@Loggie: In fact, free functions should be preferred. :) –  GManNickG Jul 31 '12 at 1:19

2 Answers 2

up vote 2 down vote accepted

I was under the impression that leaving assignment operators for the compiler to generate was the best thing to do unless you absolutely had to overload it, which makes me think there's something wrong with my constructor or something?

Drop that impression. Those freebies from the language are rarely the "right" thing to do. You have a raw pointer float* values_; in your class. You absolutely have to overload the copy constructor and the assignment operator here.

share|improve this answer
    
I implemented a copy constructor and a assignment operator and the problem went away, Thank you. –  Lerp Jul 30 '12 at 23:50
    
I just tried replacing my raw pointer with unique_ptr<float[]> and this, with a few changes to the constructors also fixed the crash without the need for the copy constructor and the assignment operator. Which fix would be the better approach? –  Lerp Jul 31 '12 at 0:00
    
Unique pointers aren't copyable. If you are only using 3x3 matrices, don't use a pointer, period. Use a 3x3 matrix, which is copyable. If you do want multiple sizes of arrays, but you know the matrix size at compile time, you might think instead of using templates. It's pretty hard to avoid writing your own copy constructor / assignment operator if you need runtime array sizes and you need to do something like Matrix a; Matrix b; ... a=b; . –  David Hammen Jul 31 '12 at 1:03

Yep, make a copy constructor that takes a matrix. Otherwise you will be copying the pointer values_ which is subsequently deleted in the original return value that immediately drops out of scope.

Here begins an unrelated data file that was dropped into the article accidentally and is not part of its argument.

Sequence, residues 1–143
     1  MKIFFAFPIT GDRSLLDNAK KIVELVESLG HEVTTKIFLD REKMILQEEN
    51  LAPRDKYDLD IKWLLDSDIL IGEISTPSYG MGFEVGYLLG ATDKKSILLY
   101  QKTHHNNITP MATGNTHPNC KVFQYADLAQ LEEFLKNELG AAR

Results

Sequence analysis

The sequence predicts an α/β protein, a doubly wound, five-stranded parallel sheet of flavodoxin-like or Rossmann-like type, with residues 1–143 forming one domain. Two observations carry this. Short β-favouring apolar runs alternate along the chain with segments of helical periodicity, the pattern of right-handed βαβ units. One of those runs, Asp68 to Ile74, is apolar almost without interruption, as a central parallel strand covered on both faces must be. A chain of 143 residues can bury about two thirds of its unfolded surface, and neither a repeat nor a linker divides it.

My advice to you... You're obviously creating classes to do 3D. DON'T make an arbitrary-sized matrix class for this. Just make a basic 4x4 homogeneous matrix (or 4x3 or 3x3 if you must). Hard-coded. Single array of values - no dynamic allocation. Save you a lot of time, heap fragmentation, and annoying sanity tests. You are never going to run this class with a 5x17 matrix or whatever. So don't code for it.

You commonly need a 2d, 3d, or 4d vector, and a 3d or 4d square matrix. That's all. So make your classes:

Vector2
Vector3
Vector4
Matrix3
Matrix4
share|improve this answer
    
Could you explain why this causes the program to exit instead of just leaving the pointer pointing to nothing? I will heed your advice to not try and add support for something I most likely won't need. I'm trying to stick to the "don't program it till you need it" mentality. –  Lerp Jul 30 '12 at 23:35
1  
Sure. The problem, I expect, is immediately after the call to rotationMatrix3(). It creates a Matrix instance and returns it to the caller. The caller then assigns that matrix to the variable rotation via default copy, which takes the value of the (temporary) result's rows_, cols_ and values_ members and copies them to the new instance (rotation). The temporary matrix is then deleted, so the memory pointed to by its values_ is no longer available. On the next line, you attempt to use this rotation instance, which now references a block of memory that has been freed. –  paddy Jul 30 '12 at 23:46
    
Ahh of course. I forgot the line below would try to access the values. I haved implemented a copy constructor and an assignment operator and the problem went away, Thank you. I'll now change it to a fixed size matrix too :) –  Lerp Jul 30 '12 at 23:51
1  
Remember with fixed-size matrices you get a big speedup, as you no longer need to check values for rows and cols, you don't do any heap allocation, and you can hard-code array offsets for things like multiplication, unroll loops, etc... –  paddy Jul 30 '12 at 23:54